"When can we go?" I asked.
"Right," Uncle James spent a few moments methodically looking me up and down.
"Let me see your hands... and now your sword," said the Wizard. "Yes, very good, I think you will do nicely."
"I intended to go out for a ride this afternoon in any case. I am looking for a friend of mine who may be passing this way. Once when we are done talking and your father leaves to attend to his business then you and I shall ride out of town and do some shooting. How would that be?"
My large smile said everything. I wondered if this is what Father was talking about when he said Uncle James was a dangerous man.
I soon noted that we were not alone, an older man sat partially hidden at a high desk in a far corner of the room. He had a narrow face, close-set grey blue eyes, silver/grey wavy hair and a short pointed beard. He was a slim man in bespoke clothing, wearing an odd-looking long yellow tweed jacket and matching vest, straight pants of fine black fabric touched the tops of his shoes.
The man stood up.
"Good morning, Sir James," said the thin man, " would this be Sir Jonn and Lord William?"
"Aye, this would be my family and it's high time you met them."
"It is an honor to make your acquaintance. I am Bartholomew, James' secretary." He bowed his head. William politely bowed in return but this father did not.
"Dad! He said I'm a lord?," I blurted out, "and you're a knight!" The secretary appeared susprised at these words.
"Not now son. I will explain later," Father frowned and looked perturbed.
"Oh, why not explain now," Uncle James seemed ready to burst with excitement.
"Bartholomew here has my complete confidence. He knows more about us than we do and William is fifteen and that makes him man enough to take up the family business."
Father let out a sigh and found a chair to sit in and waved at my uncle to continue; clearly, he would be going on and on.
James paced as he spoke, "You see William," then came a long pause, "your father is a Paladin."
"Father! A paladin?" My eyes went wide with shock and I looked over at father. "But the Paladin are extinct. They were giants who defended the poor and sick and no one believes they really ever existed."
"Extinct! myths! Whatever has your father been teaching you."
Uncle James went on sounding exasperated, "The Paladin are no more extinct now than they ever were. Among the Wise there is no doubt concerning their presence and strength. They were never very numerous and they prefer to do their work anonymously. The Paladin is the oldest noble house in all Andor. They are still recognized by the kings in all the nations as Lords and keepers of the Law. You are the son of a Paladin and that makes you Lord William in this land or any other land under the Highlander's protection. Our King, Clarence the Courageous, knows your father well and what he really is. Your king will expect you to fulfill the duties of a Lord when you come of age, now how does all that sound, eh?"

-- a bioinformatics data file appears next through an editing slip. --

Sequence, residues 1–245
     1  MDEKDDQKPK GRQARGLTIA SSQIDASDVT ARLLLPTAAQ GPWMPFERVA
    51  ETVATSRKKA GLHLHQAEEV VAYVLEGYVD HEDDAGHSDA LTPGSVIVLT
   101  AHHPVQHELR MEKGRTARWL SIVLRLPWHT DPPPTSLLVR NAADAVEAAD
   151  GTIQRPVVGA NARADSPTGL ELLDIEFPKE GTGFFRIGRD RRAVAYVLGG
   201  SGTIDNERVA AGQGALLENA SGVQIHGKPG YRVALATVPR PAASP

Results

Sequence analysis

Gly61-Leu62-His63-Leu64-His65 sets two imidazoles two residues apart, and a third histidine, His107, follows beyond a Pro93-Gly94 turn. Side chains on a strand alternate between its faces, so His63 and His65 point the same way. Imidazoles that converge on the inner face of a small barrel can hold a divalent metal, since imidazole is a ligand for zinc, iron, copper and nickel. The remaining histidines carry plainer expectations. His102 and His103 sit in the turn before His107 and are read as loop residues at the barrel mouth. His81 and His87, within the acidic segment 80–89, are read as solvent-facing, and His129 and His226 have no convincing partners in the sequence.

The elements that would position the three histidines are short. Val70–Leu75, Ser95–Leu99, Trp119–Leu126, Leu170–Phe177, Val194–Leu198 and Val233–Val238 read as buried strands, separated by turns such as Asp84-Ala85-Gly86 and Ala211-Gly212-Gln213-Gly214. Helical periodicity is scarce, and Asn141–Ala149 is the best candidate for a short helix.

"I cannot believe all this.I thought you had to be born into nobility?" I answered.
"Ack, a Paladin earns his nobility and that makes your father and his kin nobler than most nobles I know."
I was stunned into silence but not for long.
"Uncle, what is this "family business"? I heard you mention it before." I inquired shyly. I was afraid of the answer.
"We are warriors of the Free."
I whispered, "The Free?" I did not want to sound ignorant but had no idea what that meant.
The wizard waved his arms about as he spoke, "Nephew! the truth sets us free and good does conqueror evil. That is the way of things. It is the path we follow. We fight and toil and endure for the freedom of the world!"
"Why has no one told me of all this?"
Father broke into the conversation "Because it is a dangerous world in need of dangerous men to set things right. Far better and safer for you to grow up the son of a prosperous merchant priest. These things we speak of are very perilous matters and, until now, you lacked the maturity to keep such secrets. Remember this William, everything said here must remain confidential. You must say nothing to no one outside this room, except perhaps, your mother."
"Father, I would never have guessed. Are you really a Paladin... like in the legends. Is it possible. I didn't believe in all the old stories."
"What I am is your father and that will always be my proudest title. Yet, I am also a Paladin and I am not alone, so is your Grandfather."
"Grandfather." I spoke softly, I had never met my father's father.
This was a quandary. I had been thinking to impress my friends, especially the noble born, with this fabulous tale but all this secrecy and danger were taking much of the joy out of the thing.
"I can tell this to no one. Nothing, nothing at all, to anyone?" said I.
"Our lives depend on it," responded the Wise Old Wizard.
Continues at the Wizard on the Porch Chapter 1 Part 3